Thursday, August 24, 2017

Employees Love Employee Newsletters that Deliver Relationship Fixes

There are few topics that employees will pay attention to more than relationship dysfunction and fixes for relationship problems. The proof is Ann Landers and Dear Abby -- nearly all of their famous advice read by millions related to relationship disharmony and fixes for individual problems. We loved it. Couple relationship problems and fixes are especially desirable topics.

For example, begin offering content like we do at Frontline Employee on these topics.

Here is an article we posted not too long ago. Let's see if it grabs you like it did our employee readers. And remember, these articles, if they are reduce employee stress, nearly always have a positive impact on the bottom line in your organization. And there is the business rationale for workplace wellness articles in company and employee newsletters

Communication problems are still the most commonly cited reason for separation and divorce, so don’t let the frustration of communication problems linger too long in your relationship before taking steps to intervene. You can start by applying tried-and-true principles of effective communication.

Although many communication strategies for reducing conflict and healing relationships exist, the following three are foundational and can help you experience almost immediate results:

1) Use “I” statements when talking about your feelings and your needs. Doing so instantly removes the blaming dynamic your partner responds to with defensiveness.

2) Listen without interrupting. This takes conscious effort, and it is a skill that comes with practice. So practice. It will be easier because of #1 above.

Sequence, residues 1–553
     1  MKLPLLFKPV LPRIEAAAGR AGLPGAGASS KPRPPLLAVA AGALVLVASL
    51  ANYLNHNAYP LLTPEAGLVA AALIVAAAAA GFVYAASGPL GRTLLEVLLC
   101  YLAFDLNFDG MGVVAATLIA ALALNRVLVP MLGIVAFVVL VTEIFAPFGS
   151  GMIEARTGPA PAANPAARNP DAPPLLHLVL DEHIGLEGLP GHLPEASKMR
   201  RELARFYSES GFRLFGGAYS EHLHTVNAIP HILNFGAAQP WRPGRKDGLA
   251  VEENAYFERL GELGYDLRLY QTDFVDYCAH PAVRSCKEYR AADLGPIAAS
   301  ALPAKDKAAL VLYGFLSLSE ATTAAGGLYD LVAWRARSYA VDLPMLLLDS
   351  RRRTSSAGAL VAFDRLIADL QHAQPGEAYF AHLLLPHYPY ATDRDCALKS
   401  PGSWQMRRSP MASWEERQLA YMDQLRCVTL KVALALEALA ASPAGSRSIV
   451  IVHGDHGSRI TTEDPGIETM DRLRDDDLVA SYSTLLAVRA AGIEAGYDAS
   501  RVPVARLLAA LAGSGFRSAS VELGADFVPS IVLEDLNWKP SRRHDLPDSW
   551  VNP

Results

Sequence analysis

3) When your partner speaks, listen and validate what was said. The ability to paraphrase demonstrates the most appreciated and satisfying form of validation, but expect it to feel a bit awkward until it becomes a more natural part of your communication style.

If these exercises don’t work, then seek help from a professional counselor before throwing in the towel on your relationship. Counselors know how to apply communication strategies and can guide you through them and give you more to use in the future if needed.

Friday, August 18, 2017

Employee Newsletter Ideas That Reduce Risk for Employers

It should come as no surprise that employers put a great deal of time, effort, and money in to recruiting top-notch talent. After locating the best of the best, gears shift toward retaining employees--and many companies go to great lengths to do this.

One way organizations create a retention plan is by regularly asking current team members for ideas they can use to improve and make their workplace even better. Consistently, having an employee newsletter with employee newsletter ideas generated from the workforce is a common recommendation offered by employees who sit on social committees, climate committees, and the like.

Employers are told that increased communication would make a world of difference from the vantage point of employees: “According to a recent survey conducted by Survata, more than 70 percent of employees want their companies to improve how they communicate information” (Lococo, 2017).
It’s because of this call to action for increased communication that employers are scrambling to share information as frequently as possible; often, employers turn to employee newsletters as a valid solution. Sound easy? It's not.

The most important part about these newsletters in content. And you won't be able generate this content without all employees contributed to employee newsletter ideas.

What employers fail to realize is that employee newsletters are a precise tool to reduce risk and protect the bottom line of their organizations while meeting increased communication goals.

This happens with employee behavioral health issues are addressed in article content and employee newsletter ideas hit home with real workable answers employees can use immediately to solve real life personal problems..

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